Jewish Perspectives on Theology and the Human Experience of Disability

Author: Judith Z. Abrams
Publisher: Routledge
ISBN: 0789034441
Format: PDF, Mobi
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A re-examination of Jewish scripture and teachings about disabilities Few people are untouched by the issue of disability, whether personally or through a friend or relative. Jewish Perspectives on Theology and the Human Experience of Disability shares moving insights from around the world and across the broad spectrum of Judaism on how and why the Jewish community is incomplete without the presence and participation of the disabled. Authors representing each of the three main movements of Judaism—Orthodox, Conservative, and Reform—examine theology, scripture, ethics, practical theology, religious education, and personal experience to understand and apply the lessons and wisdom of the past to issues of the present. Authors from Israel, the United States, the United Kingdom, and Australia reflect on their theological understandings of specific disabilities and on disability as a whole. Jewish Perspectives on Theology and the Human Experience of Disability re-examines tradition, teachings, and beliefs to shatter stereotypes of Judaism and common interpretations of scripture. This unique book addresses several disabilities (blindness, deafness, intellectual disabilities, autism, learning disabilities), and a wide range of topics, including human rights and disabilities, Jewish laws concerning niddah, misconceptions about disabilities in the Hebrew Bible, Jewish community programs to include people with disabilities, and the need to educate American Jews about Jewish genetic diseases. Jewish Perspectives on Theology and the Human Experience of Disability examines: three methods that allow Jews who are blind to participate in the Torah service the spiritual needs of people with learning disabilities the attitude of Jewish Law toward marriage and parenthood on people with intellectual disabilities how the rabbis of the Mishnah incorporated Greco-Roman beliefs about the connections between hearing, speech, and intelligence into Jewish law a sampling of opinions issued on matters concerning disabilities by the Responsa Committee of the Central Conference of American Rabbis how the Jewish sages have made participation by people with disabilities possible and much more Jewish Perspectives on Theology and the Human Experience of Disability also includes reviews of Judaism and Disability: Portrayals in Ancient Texts from the Tanach through the Bavil and Disability in Jewish Law, as well as comprehensive resource collections. This book is an essential read for clergy and lay leaders involved in the support of people with disabilities, for the families of people with disabilities, and for anyone working with the disabled.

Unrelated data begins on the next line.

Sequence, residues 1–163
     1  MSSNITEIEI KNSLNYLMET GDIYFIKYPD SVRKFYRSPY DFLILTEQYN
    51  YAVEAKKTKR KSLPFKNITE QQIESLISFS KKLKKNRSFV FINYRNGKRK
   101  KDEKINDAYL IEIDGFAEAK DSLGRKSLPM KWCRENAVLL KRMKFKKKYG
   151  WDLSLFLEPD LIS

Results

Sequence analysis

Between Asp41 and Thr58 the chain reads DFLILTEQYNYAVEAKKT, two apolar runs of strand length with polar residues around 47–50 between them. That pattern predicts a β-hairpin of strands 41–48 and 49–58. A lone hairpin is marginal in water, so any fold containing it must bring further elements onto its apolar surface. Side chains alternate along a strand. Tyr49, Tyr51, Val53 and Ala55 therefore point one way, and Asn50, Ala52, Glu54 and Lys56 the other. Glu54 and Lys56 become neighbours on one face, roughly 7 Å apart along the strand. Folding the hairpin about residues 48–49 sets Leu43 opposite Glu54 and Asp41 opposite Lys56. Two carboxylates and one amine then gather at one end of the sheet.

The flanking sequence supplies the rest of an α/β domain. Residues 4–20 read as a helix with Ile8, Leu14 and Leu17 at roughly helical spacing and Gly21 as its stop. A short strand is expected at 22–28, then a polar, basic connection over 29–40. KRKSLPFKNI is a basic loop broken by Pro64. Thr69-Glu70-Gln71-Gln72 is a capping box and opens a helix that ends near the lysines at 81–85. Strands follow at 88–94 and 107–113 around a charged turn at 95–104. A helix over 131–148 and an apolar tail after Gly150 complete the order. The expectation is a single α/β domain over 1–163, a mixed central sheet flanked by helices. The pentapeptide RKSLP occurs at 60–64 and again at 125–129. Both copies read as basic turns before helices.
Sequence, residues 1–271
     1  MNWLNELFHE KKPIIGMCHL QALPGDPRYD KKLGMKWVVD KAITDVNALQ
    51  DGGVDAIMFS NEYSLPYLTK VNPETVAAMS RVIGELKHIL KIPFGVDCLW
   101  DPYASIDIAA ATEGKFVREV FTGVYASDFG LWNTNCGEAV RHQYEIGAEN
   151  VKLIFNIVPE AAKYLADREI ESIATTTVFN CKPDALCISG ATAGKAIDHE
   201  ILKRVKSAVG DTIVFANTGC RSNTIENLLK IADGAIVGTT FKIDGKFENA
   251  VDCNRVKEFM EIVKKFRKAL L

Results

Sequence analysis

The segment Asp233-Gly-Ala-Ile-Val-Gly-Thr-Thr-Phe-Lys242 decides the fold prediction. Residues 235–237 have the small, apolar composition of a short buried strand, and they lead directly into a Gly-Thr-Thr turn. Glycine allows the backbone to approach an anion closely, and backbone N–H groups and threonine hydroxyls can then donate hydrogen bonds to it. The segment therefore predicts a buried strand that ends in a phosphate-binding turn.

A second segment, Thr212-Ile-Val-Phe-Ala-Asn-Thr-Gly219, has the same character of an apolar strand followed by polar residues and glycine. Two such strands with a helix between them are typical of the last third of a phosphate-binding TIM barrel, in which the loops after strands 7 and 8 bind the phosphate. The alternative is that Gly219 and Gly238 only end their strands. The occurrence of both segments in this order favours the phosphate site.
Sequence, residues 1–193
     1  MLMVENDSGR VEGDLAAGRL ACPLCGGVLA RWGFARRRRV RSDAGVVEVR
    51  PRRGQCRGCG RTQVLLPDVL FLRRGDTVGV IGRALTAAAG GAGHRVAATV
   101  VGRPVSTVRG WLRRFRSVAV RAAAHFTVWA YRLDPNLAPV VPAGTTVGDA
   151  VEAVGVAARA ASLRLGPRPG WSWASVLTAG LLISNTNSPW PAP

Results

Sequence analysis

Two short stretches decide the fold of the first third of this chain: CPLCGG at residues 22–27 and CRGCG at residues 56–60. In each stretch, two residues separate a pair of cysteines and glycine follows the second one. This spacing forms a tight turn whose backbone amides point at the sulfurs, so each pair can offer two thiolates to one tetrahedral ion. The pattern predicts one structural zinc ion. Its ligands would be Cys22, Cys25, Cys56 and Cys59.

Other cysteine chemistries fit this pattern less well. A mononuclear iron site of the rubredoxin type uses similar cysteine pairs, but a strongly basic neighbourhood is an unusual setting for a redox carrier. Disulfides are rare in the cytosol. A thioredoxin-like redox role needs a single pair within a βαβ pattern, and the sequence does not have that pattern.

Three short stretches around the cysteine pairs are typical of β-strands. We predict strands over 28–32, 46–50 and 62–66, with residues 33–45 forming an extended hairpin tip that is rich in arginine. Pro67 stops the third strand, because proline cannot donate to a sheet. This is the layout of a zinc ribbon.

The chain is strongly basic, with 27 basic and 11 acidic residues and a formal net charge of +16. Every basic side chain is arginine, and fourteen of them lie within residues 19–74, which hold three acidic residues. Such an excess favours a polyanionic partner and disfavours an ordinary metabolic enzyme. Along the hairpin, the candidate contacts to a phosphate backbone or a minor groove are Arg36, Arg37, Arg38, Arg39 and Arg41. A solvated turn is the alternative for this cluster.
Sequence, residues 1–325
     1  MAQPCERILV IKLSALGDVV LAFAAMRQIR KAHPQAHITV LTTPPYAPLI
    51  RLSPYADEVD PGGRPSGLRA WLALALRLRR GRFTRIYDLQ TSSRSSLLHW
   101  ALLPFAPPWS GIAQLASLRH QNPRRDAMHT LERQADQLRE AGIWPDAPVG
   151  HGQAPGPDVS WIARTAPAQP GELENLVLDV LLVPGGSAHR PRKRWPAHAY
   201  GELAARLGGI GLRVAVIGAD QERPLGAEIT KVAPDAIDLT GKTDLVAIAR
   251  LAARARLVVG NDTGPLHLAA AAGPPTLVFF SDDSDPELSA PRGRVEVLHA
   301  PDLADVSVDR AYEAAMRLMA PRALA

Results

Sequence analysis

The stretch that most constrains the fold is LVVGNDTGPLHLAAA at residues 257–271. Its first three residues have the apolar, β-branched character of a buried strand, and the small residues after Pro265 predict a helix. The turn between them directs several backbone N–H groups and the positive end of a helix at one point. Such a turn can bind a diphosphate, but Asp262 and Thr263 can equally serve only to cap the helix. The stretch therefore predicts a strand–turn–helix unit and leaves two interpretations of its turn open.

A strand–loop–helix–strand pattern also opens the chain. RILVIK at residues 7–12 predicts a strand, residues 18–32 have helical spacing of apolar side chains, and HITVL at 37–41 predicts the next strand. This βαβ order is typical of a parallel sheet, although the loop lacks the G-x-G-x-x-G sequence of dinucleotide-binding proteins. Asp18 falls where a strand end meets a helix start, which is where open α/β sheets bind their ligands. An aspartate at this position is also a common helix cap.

Citizenship Faith Feminism

Author: Jan Lynn Feldman
Publisher: UPNE
ISBN: 1611680115
Format: PDF, Mobi
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The first book to examine religious feminist activists in Israel, the U.S., and Kuwait

Routledge International Encyclopedia of Women

Author: Cheris Kramarae
Publisher: Routledge
ISBN: 1135963150
Format: PDF, ePub, Docs
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For a full list of entries and contributors, sample entries, and more, visit the Routledge International Encyclopedia of Women website. Featuring comprehensive global coverage of women's issues and concerns, from violence and sexuality to feminist theory, the Routledge International Encyclopedia of Women brings the field into the new millennium. In over 900 signed A-Z entries from US and Europe, Asia, the Americas, Oceania, and the Middle East, the women who pioneered the field from its inception collaborate with the new scholars who are shaping the future of women's studies to create the new standard work for anyone who needs information on women-related subjects.

Adoption and the Jewish Family

Author: Shelley Kapnek Rosenberg
Publisher: Jewish Publication Society
ISBN: 9780827606531
Format: PDF, ePub
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An indispensable resource to those families considering or affected by adoption, this book takes an informed look at adoption from a Jewish perspective and will prepare readers for the many unforeseen challenges that may arise.

Jewish Bioethics

Author: Yechiel Michael Barilan
Publisher: Cambridge University Press
ISBN: 1107024668
Format: PDF, ePub, Docs
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Presents the discourse in Jewish law and rabbinic literature on bioethical issues, highlighting practical problems in their socio-historical contexts.